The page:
Media War in Ukraine: Class and Gender


Like all physical conflicts, the current war in Ukraine is also an ongoing war of narratives, in this case one making heavy use of visual imagery.  As they have played out, the threads of these narratives have a telling sequence of their own, revealing the tragic arc of most wars as they confront the ultimate—and ultimately gendered and classed—victims of modern warfare:  women, children, the elderly, the poor and working classes.

War narratives do not open with such storylines of course, and this conflict is no different.  Before the first shot was fired, the West provided satellite images of Russian’s early military buildup along Russian and Belarussian borders.  It was an interesting strategy, a visual foretelling that put Russia in a defensive position from the first, establishing a story-line that made its military moves seem predictable and almost robotic, a product of earlier Soviet mismanagement.

Without dismissing in the least the admirable resilience and capabilities of the outnumbered and outgunned Ukrainian forces, it is important to recognize a key motif in this storyline that is part of Western mythos: individualism over collectivity.  In this narrative thread, the unified front displayed by Ukrainian forces is not entirely overlooked.  Rather, stress is laid on the failure of Russia’s military to properly delegate authority, a theme long-stressed in Western narratives opposed to collectivity in general.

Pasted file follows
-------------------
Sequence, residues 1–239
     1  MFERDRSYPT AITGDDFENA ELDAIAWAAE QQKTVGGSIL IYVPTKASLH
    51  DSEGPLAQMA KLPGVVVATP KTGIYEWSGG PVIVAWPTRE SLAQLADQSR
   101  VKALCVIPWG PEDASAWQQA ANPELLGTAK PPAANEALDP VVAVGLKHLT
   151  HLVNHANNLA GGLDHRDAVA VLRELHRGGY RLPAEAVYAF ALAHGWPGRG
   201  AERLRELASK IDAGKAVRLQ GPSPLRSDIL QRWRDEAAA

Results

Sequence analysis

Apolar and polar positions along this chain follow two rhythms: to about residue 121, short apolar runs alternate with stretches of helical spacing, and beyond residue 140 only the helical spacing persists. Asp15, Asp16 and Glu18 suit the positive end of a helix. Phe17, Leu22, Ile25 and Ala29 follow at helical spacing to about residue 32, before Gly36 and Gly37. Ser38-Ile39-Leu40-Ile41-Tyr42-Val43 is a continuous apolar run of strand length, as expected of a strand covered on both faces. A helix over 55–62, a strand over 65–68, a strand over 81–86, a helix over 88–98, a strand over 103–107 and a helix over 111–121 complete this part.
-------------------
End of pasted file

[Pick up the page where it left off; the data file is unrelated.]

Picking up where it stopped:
On the heels of that media opening, another key thread has been built, one allied with an ethos of individualism as embodied in a regular aspect of most narrative: key characters.  Not surprisingly, the most significant characterizations to date are of the war’s primary protagonist/antagonist figures:  Volodymyr Zelensky and Vladimir Putin.  As the war’s central hero/villain figures (no matter which side the story is told from) they embody key class and gender distinctions, but with an ironic yet important reversal in storylines. 

Putin’s early public persona has shifted over time as he has morphed from shirtless romance hero to suited executive, a role more in keeping with both his age and his current role. The infamous pre-war photo of germaphobe Putin and French President Emmanuel Macron, separated by a 20-foot-long table, only enunciates Putin’s splendid isolation. The setting, which hearkens back not to a socialist state but to Tsarist excess and luxury, underscores his current persona.

As was made clear from the viral vignette of his dressing-down of the Head of Russian Intelligence, Putin now embodies the role of an ironically Western, Apprentice-like corporate executive and member of a masculinist elite—albeit one with nuclear weapons and a penchant for murdering his opponents. 

Contrast Putin’s autocratic put-down with the now-famous selfie video of Zelensky and his cabinet refusing to leave downtown Kyiv.  In occupying the foreground of this informal video Zelensky is not attempting to establish his singularity or dominance (photo above).  Rather he is one among equals, visually embodying group cohesion.

At the same time, Zelensky’s visual placement among this band of brothers is augmented by his delivery of what are admittedly formal but nevertheless powerful lines.  As his fixed, hand-held phone captures the small group, Zelensky quietly repeats “tut/tyt”: “here,” “here,” “here” while he names each individual cabinet member, thus solidifying the group’s physical and metaphorical placement together and among the inhabitants of Kyiv.

Read the rest of this piece at Working-Class Perspectives.

James V. Catano is producer/director of Enduring Legacy:  Louisiana’s Croatian Americans and author of Ragged Dicks:  Masculinity, Steel, and the Rhetoric of the Self-Made Man. He is Professor Emeritus of English and Screen Arts at Louisiana State University.